Dermatitis, Seborrheic



Chronic, superficial, recurrent inflammatory skin disorder affecting sebum-rich, hairy regions of the body, especially the scalp, eyebrows, and face and to lesser extent, chest, and back



  • Predominant age: infancy (1), adolescence (2), and adulthood
  • Predominant sex: male > female


  • Seborrheic dermatitis: 1–3%; in immunosuppressed individuals up to 83% (2)
  • Infantile seborrheic dermatitis: up to 71% in the first 3 months of life, all ethnicities, all climates (1)

Etiology and Pathophysiology

  • Skin surface yeast such as Malassezia may be a contributing factor (3).
  • Genetic and environmental factors: Flares are common with stress/illness.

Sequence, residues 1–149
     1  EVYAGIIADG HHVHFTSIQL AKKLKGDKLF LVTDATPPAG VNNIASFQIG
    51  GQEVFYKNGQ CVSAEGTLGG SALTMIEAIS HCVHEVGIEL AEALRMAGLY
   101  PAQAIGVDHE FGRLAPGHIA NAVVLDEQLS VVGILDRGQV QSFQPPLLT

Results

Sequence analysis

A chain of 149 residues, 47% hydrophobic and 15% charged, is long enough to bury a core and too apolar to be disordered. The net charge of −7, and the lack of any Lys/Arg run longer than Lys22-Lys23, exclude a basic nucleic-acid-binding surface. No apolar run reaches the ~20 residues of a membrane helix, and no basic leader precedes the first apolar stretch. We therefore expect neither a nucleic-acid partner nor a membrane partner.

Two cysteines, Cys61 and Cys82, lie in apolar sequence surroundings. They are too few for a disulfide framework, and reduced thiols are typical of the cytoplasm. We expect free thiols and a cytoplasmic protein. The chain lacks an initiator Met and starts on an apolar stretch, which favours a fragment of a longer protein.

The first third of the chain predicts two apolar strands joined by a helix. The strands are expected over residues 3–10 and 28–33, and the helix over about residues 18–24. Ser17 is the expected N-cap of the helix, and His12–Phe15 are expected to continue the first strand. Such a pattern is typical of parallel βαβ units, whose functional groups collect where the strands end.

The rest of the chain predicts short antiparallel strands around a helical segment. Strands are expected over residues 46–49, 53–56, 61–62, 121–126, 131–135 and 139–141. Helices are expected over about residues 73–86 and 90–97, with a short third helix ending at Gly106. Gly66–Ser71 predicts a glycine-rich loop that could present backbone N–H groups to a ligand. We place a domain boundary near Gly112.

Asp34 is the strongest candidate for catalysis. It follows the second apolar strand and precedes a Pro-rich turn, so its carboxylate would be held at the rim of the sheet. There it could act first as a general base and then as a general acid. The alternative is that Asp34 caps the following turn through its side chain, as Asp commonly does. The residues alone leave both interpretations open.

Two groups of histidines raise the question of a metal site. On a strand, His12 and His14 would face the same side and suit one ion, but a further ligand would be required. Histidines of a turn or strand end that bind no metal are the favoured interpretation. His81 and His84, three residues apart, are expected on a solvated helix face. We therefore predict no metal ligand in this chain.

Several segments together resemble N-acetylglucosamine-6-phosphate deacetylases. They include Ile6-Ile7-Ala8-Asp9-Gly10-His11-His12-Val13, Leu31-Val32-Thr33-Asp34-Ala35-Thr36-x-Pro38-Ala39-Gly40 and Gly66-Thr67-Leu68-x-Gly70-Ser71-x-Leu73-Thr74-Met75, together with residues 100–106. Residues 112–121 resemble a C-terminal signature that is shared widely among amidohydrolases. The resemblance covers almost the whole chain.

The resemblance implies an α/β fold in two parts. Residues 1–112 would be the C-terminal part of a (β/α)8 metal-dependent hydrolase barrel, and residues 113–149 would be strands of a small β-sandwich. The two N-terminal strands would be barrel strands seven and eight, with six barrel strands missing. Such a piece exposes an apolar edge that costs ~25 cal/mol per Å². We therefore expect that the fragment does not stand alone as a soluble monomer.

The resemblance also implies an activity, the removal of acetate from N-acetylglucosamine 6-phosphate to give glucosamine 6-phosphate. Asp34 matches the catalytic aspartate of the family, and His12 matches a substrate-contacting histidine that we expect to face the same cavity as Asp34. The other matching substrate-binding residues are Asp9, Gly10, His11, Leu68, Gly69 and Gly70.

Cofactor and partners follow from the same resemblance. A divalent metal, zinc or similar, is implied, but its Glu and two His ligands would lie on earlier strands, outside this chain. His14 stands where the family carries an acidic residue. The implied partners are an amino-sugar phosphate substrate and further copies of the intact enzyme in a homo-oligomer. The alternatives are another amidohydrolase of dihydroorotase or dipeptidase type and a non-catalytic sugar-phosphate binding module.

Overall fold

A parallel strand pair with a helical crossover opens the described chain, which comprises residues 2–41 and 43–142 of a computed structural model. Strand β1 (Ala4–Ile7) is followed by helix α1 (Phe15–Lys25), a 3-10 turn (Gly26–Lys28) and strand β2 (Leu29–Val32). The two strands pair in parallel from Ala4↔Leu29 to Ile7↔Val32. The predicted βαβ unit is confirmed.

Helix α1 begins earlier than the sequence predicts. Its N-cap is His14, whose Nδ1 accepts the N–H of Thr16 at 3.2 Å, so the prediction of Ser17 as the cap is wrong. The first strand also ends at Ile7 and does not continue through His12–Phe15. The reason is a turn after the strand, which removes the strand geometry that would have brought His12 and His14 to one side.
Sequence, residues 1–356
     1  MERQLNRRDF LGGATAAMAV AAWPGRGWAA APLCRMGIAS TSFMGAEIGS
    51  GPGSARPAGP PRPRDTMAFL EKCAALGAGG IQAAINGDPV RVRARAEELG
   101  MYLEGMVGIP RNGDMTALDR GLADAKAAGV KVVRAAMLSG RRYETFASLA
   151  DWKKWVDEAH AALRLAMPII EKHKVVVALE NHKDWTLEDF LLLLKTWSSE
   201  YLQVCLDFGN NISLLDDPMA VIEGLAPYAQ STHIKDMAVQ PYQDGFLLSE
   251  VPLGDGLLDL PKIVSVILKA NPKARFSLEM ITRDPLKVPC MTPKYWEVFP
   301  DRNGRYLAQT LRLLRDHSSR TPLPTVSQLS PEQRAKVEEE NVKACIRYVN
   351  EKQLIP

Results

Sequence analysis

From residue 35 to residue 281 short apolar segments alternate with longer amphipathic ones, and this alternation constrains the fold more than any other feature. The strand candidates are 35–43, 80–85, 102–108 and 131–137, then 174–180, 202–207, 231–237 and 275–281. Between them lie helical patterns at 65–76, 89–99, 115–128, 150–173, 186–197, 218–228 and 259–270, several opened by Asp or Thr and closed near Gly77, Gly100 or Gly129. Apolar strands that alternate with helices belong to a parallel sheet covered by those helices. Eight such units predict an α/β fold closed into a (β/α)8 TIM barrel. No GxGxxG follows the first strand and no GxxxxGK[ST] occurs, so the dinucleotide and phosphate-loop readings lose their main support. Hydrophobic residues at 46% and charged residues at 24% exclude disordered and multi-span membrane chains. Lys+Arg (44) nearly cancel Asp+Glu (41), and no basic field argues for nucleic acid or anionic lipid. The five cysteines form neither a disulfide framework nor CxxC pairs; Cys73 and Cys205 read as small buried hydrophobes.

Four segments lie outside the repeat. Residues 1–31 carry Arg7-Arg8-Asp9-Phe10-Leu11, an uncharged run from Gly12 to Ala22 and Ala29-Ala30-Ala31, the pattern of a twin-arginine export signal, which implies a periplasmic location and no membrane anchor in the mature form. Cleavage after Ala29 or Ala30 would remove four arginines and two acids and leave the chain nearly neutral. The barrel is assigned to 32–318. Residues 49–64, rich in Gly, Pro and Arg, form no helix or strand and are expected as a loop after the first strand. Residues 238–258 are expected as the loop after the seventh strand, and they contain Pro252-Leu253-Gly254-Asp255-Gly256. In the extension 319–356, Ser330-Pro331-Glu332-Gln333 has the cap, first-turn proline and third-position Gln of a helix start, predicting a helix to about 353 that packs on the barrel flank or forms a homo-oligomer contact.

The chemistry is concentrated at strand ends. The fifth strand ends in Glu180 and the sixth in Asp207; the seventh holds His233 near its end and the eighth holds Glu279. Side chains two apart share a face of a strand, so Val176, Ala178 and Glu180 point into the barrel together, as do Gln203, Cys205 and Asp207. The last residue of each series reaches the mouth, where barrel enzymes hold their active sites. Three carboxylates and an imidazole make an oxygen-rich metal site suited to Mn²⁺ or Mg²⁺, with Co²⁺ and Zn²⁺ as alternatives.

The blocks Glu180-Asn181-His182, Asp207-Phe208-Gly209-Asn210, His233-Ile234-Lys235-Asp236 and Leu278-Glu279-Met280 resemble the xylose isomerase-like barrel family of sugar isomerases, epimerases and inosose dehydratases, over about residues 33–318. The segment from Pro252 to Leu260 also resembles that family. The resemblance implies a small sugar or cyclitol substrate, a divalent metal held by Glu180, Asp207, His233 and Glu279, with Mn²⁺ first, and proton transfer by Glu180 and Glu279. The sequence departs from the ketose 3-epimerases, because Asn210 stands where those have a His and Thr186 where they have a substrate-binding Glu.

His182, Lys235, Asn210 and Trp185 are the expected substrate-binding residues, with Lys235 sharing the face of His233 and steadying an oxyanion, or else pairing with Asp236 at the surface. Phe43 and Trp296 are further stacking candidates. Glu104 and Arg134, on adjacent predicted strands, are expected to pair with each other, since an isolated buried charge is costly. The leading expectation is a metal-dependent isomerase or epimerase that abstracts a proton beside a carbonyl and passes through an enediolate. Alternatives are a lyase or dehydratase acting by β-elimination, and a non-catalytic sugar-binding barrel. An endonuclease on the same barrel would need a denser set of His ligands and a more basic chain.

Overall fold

• Parallels increased sebaceous gland activity in infancy and adolescence or as a result of some acnegenic drugs.
  • Seborrheic dermatitis is more common in immunosuppressed patients, suggesting that immune mechanisms are implicated in the pathogenesis of the disease, although the mechanisms are not well defined (3).

Positive family history; no genetic markers have been identified to date.

Risk Factors

  • Immunosuppressed conditions such as AIDS, lymphoma, organ transplantation (2),(4)
  • Parkinson disease, epilepsy, traumatic brain, and spinal cord injury (4)
  • Emotional stress (2)
  • Obesity (2)
  • Oily skin (2)
  • Acne (2)
  • Medications may cause flares/induce seborrheic dermatitis: buspirone, chlorpromazine, cimetidine, ethionamide, griseofulvin, haloperidol, interferon-α, methyldopa, psoralen, IL-2 (2)

General Prevention

Seborrheic skin should be washed more often than usual to soften the affected areas.

Commonly Associated Conditions

  • Parkinson disease
  • AIDS

There's more to see -- the rest of this topic is available only to subscribers.